A Place to Survive

OMORI Through Bronfenbrenner’s Ecological Systems Theory

  • Ronnel Bermas Ateneo de Manila University
  • Jenelle Capati De La Salle University – Dasmariñas
  • Francis Calubayan Philippine Normal University – Manila


This research delves into the narrative of the role-playing game OMORI (OMOCAT, 2020). We use Urie Bronfenbrenner’s (1979) ecological systems theory as an analytical framework to investigate character portrayal and development. Our study employed descriptive and interpretive qualitative methods and used a three-phased approach to scrutinise OMORI’s narrative, expound and dissect character portrayals within their broader contexts, and note important character developments throughout the game. Our findings highlight the substantial influence of immediate and non-immediate external environments—family dynamics, societal norms, and cultural elements—on the development of the primary characters within OMORI’s narrative. More specifically, this paper emphasises the roles of culture, capitalism, and religion within the game. The study’s significance lies in its presentation of interconnected relationships among the systems posited by Bronfenbrenner. We offer insights for further research studying games through their socio-historical contexts and scrutinising characters’ backstories. This is particularly relevant where it has been theorised that youth in advanced capitalist societies might be swayed by cultural values that affect their well-being and life contentment (Butler, 2021).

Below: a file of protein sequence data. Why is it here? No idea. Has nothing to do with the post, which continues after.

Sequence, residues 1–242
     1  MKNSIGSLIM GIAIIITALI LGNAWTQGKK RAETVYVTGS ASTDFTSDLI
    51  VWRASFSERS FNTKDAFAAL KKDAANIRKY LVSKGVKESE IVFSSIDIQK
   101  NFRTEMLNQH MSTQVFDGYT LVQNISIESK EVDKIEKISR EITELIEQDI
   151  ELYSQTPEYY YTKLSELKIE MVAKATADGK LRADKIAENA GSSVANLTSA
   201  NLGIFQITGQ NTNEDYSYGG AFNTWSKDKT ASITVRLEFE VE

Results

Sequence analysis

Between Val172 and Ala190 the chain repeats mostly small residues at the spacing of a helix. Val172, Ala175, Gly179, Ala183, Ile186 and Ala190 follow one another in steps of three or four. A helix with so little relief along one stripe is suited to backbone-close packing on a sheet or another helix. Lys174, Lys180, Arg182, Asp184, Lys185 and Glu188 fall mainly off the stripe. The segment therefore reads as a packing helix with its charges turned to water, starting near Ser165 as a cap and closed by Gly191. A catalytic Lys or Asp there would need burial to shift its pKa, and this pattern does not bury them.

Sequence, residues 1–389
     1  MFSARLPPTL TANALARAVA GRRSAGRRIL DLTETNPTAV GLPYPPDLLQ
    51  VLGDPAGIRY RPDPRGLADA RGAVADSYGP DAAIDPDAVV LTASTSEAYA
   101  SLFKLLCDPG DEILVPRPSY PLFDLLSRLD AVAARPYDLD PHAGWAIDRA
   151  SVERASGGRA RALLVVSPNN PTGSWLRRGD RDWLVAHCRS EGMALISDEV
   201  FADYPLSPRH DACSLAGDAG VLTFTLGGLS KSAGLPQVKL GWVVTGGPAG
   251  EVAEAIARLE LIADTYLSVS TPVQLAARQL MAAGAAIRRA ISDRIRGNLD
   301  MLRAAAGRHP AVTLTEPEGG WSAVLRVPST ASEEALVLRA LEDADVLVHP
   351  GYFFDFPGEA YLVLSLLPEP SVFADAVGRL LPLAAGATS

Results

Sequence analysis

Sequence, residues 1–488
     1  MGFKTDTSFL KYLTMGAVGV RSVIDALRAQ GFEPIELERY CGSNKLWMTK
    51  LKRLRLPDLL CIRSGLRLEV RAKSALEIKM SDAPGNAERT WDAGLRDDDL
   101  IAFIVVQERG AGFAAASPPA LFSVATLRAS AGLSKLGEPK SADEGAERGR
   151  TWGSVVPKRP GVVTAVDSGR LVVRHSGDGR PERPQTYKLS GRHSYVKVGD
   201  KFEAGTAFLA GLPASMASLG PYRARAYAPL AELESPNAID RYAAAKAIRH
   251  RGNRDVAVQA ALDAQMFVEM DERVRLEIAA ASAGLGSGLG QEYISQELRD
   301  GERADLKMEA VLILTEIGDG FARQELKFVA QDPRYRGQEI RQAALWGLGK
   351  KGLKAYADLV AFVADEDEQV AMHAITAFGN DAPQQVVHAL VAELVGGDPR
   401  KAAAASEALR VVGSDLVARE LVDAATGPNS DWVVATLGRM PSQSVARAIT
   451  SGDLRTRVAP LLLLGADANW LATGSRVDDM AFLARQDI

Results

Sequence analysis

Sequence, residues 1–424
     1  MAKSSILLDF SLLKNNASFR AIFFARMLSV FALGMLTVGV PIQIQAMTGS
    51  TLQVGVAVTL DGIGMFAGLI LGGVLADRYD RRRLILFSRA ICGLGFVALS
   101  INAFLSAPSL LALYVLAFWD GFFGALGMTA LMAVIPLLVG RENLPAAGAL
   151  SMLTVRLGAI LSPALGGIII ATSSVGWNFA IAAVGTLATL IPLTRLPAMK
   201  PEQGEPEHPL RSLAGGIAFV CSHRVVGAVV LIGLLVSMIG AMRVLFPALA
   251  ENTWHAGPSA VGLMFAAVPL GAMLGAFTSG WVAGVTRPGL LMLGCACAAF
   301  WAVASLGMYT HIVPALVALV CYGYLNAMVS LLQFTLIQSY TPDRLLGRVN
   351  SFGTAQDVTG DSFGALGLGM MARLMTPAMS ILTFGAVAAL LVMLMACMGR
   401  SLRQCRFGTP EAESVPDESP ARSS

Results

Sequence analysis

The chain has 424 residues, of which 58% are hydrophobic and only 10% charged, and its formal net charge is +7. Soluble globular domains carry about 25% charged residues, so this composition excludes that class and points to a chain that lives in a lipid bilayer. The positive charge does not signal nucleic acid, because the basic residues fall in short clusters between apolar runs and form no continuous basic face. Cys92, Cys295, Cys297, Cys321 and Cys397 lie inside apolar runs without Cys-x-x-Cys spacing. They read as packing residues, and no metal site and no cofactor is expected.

Author Biographies

Ronnel Bermas, Ateneo de Manila University

Student, Department of Information Systems and Computer Science

Jenelle Capati, De La Salle University – Dasmariñas

Student, College of Liberal Arts & Communication

Francis Calubayan, Philippine Normal University – Manila

Graduate Student, College of Graduate Studies & Teacher Education Research

May 15, 2024